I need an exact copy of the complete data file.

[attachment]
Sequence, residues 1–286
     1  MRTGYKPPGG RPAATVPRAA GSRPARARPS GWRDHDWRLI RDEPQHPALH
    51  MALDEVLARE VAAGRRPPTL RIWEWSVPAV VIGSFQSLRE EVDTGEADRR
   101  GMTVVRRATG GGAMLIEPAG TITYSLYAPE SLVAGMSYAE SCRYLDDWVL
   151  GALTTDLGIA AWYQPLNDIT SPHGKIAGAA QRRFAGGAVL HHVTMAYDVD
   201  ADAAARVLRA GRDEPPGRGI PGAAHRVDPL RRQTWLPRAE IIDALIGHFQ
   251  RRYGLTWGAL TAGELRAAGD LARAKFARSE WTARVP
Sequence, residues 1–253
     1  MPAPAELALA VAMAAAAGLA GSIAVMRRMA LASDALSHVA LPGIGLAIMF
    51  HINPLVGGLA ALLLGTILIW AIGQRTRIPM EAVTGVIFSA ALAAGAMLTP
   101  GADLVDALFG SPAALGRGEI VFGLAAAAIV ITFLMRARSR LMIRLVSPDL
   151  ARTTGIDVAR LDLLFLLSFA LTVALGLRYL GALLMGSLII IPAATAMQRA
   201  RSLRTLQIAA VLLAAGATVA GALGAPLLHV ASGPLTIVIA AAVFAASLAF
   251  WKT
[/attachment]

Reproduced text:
Sequence, residues 1–286
     1  MRTGYKPPGG RPAATVPRAA GSRPARARPS GWRDHDWRLI RDEPQHPALH
    51  MALDEVLARE VAAGRRPPTL RIWEWSVPAV VIGSFQSLRE EVDTGEADRR
   101  GMTVVRRATG GGAMLIEPAG TITYSLYAPE SLVAGMSYAE SCRYLDDWVL
   151  GALTTDLGIA AWYQPLNDIT SPHGKIAGAA QRRFAGGAVL HHVTMAYDVD
   201  ADAAARVLRA GRDEPPGRGI PGAAHRVDPL RRQTWLPRAE IIDALIGHFQ
   251  RRYGLTWGAL TAGELRAAGD LARAKFARSE WTARVP
Sequence, residues 1–253
     1  MPAPAELALA VAMAAAAGLA GSIAVMRRMA LASDALSHVA LPGIGLAIMF
    51  HINPLVGGLA ALLLGTILIW AIGQRTRIPM EAVTGVIFSA ALAAGAMLTP
   101  GADLVDALFG SPAALGRGEI VFGLAAAAIV ITFLMRARSR LMIRLVSPDL
   151  ARTTGIDVAR LDLLFLLSFA LTVALGLRYL GALLMGSLII IPAATAMQRA
   201  RSLRTLQIAA VLLAAGATVA GALGAPLLHV ASGPLTIVIA AAVFAASLAF
   251  WKT